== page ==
Change in Frontal Strength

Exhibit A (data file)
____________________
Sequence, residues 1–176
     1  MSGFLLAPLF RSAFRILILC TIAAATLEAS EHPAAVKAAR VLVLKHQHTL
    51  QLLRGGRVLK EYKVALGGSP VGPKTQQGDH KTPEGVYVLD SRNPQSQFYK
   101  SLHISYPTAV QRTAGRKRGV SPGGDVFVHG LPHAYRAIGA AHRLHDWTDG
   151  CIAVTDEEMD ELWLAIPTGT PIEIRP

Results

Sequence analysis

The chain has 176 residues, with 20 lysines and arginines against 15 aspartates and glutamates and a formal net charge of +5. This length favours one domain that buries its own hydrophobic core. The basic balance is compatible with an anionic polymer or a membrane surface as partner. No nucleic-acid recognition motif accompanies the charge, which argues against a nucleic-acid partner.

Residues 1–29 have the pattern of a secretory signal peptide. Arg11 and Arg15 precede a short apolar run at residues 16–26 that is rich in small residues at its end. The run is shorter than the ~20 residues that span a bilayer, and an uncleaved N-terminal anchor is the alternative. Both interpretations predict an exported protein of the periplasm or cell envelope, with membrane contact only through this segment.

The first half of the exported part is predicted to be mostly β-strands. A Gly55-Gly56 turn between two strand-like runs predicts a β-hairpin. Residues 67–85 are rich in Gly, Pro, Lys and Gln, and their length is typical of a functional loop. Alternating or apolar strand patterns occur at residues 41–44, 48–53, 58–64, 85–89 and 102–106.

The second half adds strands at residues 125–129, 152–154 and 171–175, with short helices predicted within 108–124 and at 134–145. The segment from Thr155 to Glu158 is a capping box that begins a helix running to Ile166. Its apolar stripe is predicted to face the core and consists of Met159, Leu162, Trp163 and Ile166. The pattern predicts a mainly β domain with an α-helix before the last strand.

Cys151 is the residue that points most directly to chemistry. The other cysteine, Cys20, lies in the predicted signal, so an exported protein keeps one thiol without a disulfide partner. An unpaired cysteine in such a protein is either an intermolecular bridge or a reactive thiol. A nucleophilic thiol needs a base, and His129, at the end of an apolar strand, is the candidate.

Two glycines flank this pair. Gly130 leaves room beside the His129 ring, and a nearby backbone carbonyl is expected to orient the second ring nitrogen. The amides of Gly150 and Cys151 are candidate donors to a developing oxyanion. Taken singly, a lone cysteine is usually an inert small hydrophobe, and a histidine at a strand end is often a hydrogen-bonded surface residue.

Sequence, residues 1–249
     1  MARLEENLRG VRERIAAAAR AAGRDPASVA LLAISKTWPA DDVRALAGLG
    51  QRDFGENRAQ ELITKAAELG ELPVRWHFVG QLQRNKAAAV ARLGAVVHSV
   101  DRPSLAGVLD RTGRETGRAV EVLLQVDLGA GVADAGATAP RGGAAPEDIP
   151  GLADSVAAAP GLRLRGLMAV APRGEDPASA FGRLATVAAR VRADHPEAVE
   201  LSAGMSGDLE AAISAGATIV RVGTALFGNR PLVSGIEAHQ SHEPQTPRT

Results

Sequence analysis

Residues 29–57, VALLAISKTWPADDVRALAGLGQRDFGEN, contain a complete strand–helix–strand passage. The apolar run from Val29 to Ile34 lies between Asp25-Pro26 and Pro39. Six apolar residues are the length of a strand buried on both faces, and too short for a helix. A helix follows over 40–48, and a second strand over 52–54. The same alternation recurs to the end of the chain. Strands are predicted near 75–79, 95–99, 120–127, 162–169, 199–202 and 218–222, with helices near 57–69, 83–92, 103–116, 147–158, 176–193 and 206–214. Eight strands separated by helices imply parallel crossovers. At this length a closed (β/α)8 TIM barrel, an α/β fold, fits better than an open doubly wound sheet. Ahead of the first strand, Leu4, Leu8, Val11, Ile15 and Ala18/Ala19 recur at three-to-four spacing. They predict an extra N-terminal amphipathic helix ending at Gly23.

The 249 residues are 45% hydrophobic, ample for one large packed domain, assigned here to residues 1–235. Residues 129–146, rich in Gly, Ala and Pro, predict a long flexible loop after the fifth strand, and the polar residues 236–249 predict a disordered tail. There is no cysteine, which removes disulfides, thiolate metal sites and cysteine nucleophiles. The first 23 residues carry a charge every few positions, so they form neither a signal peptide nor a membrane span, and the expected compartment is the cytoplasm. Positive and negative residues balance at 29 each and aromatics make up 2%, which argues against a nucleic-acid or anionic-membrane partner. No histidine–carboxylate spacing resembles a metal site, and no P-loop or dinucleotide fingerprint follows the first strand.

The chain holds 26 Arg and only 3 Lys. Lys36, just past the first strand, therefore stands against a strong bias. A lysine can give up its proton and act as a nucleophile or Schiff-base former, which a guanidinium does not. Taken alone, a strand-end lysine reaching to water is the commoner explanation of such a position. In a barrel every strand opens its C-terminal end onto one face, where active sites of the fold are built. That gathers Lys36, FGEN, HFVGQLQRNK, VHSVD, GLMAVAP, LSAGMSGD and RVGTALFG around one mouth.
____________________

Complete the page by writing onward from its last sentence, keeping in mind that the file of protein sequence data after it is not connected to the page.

Temperature fronts form at the interface between differing water masses, often marking the boundary of an ocean current within the ecosystem. Fronts are of biological significance because they tend to concentrate organisms at both lower and upper trophic levels. A measure of fronts is the gradient magnitude, which relates the change in SST per unit distance across a frontal feature. Frontal gradient magnitude has increased on Georges Bank and in much of the Middle Atlantic Bight, suggesting that stronger frontal features can be found in these areas over time. Frontal magnitude has decreased in much of the Gulf of Maine, suggesting an opposite trend of less well developed fronts. Time series of frontal magnitude is summarized for the four Northeast Shelf ecoregions. Magnitude has increased dramatically during the most recent decade of the time series in the Middle Atlantic Bight, Georges Bank and Scotian Shelf areas (blue line is time series smoother, dashed red line marks 2016 data). Magnitude in the Gulf of Maine does not have a well develop trend.